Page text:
"Natural Healing with Herbs for a Healthier You"
THE BENEFITS OF THE USE OF COMFREY
IN HERBAL PREPARATIONS
CONTRA-INDICATIONS OF COMFREY
My research uncovered no contra-indications for comfrey if used externally. However, there are contra-indications for internal use. This is due to the pyrrolizidine alkaloids found in large part in the roots, and to a lesser degree, in the leaves of the Russian comfrey. These alkaloids have been shown to “cause liver veno-occlusive disease in humans. In this condition the small and medium veins of the liver become obstructed which results in liver dysfunction, cirrhosis and possibly death.” Pregnant women, developing fetuses and infants are particularly affected by these alkaloids. For this reason, pregnant women and infants should not use comfrey root at all, or at least for any extended length of time.
So much for the studies and the formalities. Now we will address the issue from another angle. The studies done on comfrey were conducted on 6-week old laboratory rats. These rats were fed diets high in comfrey (30-50%), and they developed tumors as a result. “Humans have never manifested tumors from regular, long-term ingestion of plants with pyrrolizidine alkaloids. Instead, humans tend to develop liver veno-occlusive disease." Since rats and humans have differing metabolisms, what is harmful to one might be harmless to the other. In addition, 6-week old rats would probably never choose to consume half of their nutrition from comfrey if they could make that decision for themselves, and humans rarely, if ever, get half of their nutrition from comfrey alone.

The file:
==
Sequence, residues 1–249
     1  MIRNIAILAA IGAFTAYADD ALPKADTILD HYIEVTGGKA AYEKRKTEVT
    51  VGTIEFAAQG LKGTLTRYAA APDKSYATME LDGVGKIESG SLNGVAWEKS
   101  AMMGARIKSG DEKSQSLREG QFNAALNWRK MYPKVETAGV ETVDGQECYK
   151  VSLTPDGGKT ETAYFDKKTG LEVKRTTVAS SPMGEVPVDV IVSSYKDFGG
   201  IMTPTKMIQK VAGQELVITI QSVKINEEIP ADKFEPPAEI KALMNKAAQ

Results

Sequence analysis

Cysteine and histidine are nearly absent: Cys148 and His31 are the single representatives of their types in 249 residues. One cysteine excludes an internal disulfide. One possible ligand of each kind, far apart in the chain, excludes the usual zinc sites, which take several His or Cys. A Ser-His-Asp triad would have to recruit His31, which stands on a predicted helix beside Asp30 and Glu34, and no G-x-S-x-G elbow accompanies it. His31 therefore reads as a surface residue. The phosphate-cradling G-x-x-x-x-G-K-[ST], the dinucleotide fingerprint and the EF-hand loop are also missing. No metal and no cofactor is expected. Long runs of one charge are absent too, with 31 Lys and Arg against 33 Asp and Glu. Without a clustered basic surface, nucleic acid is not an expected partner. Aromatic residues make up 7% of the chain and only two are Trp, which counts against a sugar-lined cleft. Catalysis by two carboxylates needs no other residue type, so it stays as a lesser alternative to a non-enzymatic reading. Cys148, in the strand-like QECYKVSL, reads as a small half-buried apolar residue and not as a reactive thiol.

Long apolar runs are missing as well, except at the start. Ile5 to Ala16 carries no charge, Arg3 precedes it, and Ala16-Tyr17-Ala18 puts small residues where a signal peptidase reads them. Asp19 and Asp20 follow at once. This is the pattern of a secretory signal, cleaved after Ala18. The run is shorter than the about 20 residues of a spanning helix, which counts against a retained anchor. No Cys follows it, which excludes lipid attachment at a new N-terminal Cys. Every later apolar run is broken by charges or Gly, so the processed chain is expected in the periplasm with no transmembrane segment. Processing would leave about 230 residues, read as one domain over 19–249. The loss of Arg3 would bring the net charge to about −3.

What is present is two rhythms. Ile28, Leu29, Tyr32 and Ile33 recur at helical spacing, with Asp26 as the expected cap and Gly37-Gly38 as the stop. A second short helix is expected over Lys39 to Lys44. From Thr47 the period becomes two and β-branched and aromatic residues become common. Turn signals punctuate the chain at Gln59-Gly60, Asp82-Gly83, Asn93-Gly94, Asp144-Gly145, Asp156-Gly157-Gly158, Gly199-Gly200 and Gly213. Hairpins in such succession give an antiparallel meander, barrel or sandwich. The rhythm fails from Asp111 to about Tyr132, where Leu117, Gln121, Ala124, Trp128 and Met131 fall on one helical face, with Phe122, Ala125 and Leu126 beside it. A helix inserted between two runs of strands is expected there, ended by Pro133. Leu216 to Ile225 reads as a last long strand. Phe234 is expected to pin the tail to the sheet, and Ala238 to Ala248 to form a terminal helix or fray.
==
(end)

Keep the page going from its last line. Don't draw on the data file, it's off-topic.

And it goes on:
Three specimens of comfrey from a grower in Washington state were analyzed by an independent laboratory. One specimen had no pyrrolizidine alkaloids whatsoever, and the other two showed only minute trace amounts. It is important, however, to bear in mind that “high concentrations of many foodlike substances taken over a prolonged period will eventually reveal some minor toxic component which would not be evident with normal consumption.”
Nevertheless, plants have complex biochemistry, which often allows for small amounts of substances, which, when isolated and concentrated might otherwise be poisonous in their entirety, to be quite safe and harmless. This might account for the “lack of any conclusive cases or historical records of liver veno-occlusive disease among humans who have been known to take fairly large long-term doses of comfrey root or leaf to treat a variety of diseases.”
Additionally, recent studies have shown that not all comfrey leaf possesses pyrrolizidine alkaloids, and that which is harvested in late summer or fall seems to have only minute traces. As mentioned before, the root has higher amounts than the leaf. Dr. Christopher offers the following opinion on the pyrrolizidine alkaloids: “The root and young leaves contain a toxic alkaloid which…may cause liver damage if taken in large amounts (more than the liver can process and eliminate.) If the liver is congested or weak, it is better to use the mature leaf for internal use, avoiding the root and young leaf if possible.”
by Janet Ollman